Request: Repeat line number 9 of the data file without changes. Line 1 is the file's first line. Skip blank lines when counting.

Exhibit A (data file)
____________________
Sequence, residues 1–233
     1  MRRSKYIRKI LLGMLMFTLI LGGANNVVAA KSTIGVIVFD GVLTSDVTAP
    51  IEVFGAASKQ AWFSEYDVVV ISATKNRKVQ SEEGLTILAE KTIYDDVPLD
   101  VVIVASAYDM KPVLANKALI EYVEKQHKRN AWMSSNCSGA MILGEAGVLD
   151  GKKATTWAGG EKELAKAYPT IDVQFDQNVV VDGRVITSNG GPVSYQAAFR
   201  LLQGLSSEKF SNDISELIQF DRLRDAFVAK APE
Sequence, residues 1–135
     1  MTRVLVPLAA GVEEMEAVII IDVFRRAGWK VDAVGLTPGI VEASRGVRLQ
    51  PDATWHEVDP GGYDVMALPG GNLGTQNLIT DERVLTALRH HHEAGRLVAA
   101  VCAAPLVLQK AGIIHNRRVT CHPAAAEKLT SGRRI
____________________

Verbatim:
    51  PDATWHEVDP GGYDVMALPG GNLGTQNLIT DERVLTALRH HHEAGRLVAA